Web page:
Forget morality. Moral philosophy is bogus, a mere substitute for God that licenses ugly emotions. Here are five reasons to reject it. Or not. The author is more than a bit confused about what counts for morality… (Aeon)

Stoic approaches to weight loss. Insight, self-control, and a sense of duty. No, not another “diet & exercise” article. (Medium)

Suggested readings, #120

Here it is, a rundown of interesting articles I’ve come across recently, to consider for your weekend readings:

Want to know, even if it hurts? You must be a truth masochist. Good points, some bad examples. (Psyche)

The idea that trees talk to cooperate is misleading. It’s a romantic notion, but pretending they’re like humans could actually harm the cause of conservation. (Scientific American)

Ignorance by design. On Jason Stanley’s “How Propaganda Works.” (Philosophical Salon)

The divine Dante. At 700, Dante’s Divine Comedy is as modern as ever – a lesson in spiritual intelligence that makes us better at being alive. (Aeon)

Stoicism vs Self-Help. How self-help and Stoicism remain incompatible. (Medium)

Suggested readings, #119

Here it is, a rundown of interesting articles I’ve come across recently, to consider for your weekend readings:

10 Latin phrases people pretend to understand. Knowing some Latin has its advantages. (Mental Floss)

Why the free will debate never ends. Julian Baggini looks beyond traditional approaches to the free will debate. And, as usual, he has something very much insightful to say. (The Philosophers’ Magazine)

Why did evolution create conscious states of mind? Finally a good question to ask about consciousness. (OUP Blog)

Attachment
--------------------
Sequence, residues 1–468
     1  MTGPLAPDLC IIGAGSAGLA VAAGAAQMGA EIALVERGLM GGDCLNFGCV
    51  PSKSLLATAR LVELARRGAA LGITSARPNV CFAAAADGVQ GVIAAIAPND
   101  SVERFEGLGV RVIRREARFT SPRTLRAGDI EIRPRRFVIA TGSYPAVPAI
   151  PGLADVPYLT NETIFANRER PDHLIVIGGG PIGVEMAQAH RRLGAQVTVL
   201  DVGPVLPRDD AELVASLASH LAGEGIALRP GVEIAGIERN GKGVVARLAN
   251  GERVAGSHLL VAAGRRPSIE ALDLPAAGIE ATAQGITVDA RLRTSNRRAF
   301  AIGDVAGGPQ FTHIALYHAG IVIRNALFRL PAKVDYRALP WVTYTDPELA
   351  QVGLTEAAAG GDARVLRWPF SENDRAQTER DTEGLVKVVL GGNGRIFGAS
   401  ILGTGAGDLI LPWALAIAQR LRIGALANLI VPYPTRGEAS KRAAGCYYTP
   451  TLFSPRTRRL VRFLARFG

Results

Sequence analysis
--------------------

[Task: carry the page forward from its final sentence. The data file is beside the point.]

The end of reductionism could be nigh. Or not. By Sabine Hossenfelder, provocative as usual. (Nautilus)

Mistakes about the meaning of life. (The Philosophers’ Magazine)

Is Eric Weinstein a crackpot? The grand unified theories of the man who brought us the Intellectual Dark Web. A bit too charutable to Weinstein, for my taste. (Nonzero)

Illusory attitudes and the playful stoic. Why Stoics may have the best attitude toward competitive games. (Philosophical Studies)

Suggested readings, #118

Here it is, a rundown of interesting articles I’ve come across recently, to consider for your weekend readings:

A non-Standard model. Most cosmologists say dark matter must exist. So far, it’s nowhere to be found. A widely scorned rival theory explains why. (Aeon)

Zebras, bacteria and asteroids. On what’s real and whether whatever it is can be part of a unified science. A very good summary of some fundamental debates in philosophy of science. (The Philosopher’s Magazine)

Tragedy as self-deception. We do it to ourselves. (IAI News)

The paradox of individualism. Individualism has been blamed for the break up of communities, personal alienation and rampant western consumerism. At the same time, with its focus on liberty and human rights, it is lauded as the crowning glory of western culture. (3 Quarks Daily)

Was Marcus Aurelius a persecutor of Christians? The scholarly take. (Harvard Theological Review)

Suggested readings, #117

Here it is, a rundown of interesting articles I’ve come across recently, to consider for your weekend readings:

Plato’s Allegory of the Cave and its connection with the present. (Greek Reporter)

Ideas that work. Truth, knowledge, justice – to understand how our loftiest abstractions earn their keep, trace them to their practical origins. (Aeon)

How we discovered a new tool to help combat vaccine hesitancy. Our social experiment showed the first step is empathy with the skeptical. (Prospect Magazine)

The whitewashing of Rome. White supremacists fetishise ancient Rome – but antiquity was more diverse and polychromatic than racists will admit. (Aeon)

Do Stoic ethics depend on the Stoic worldview? (Modern Stoicism)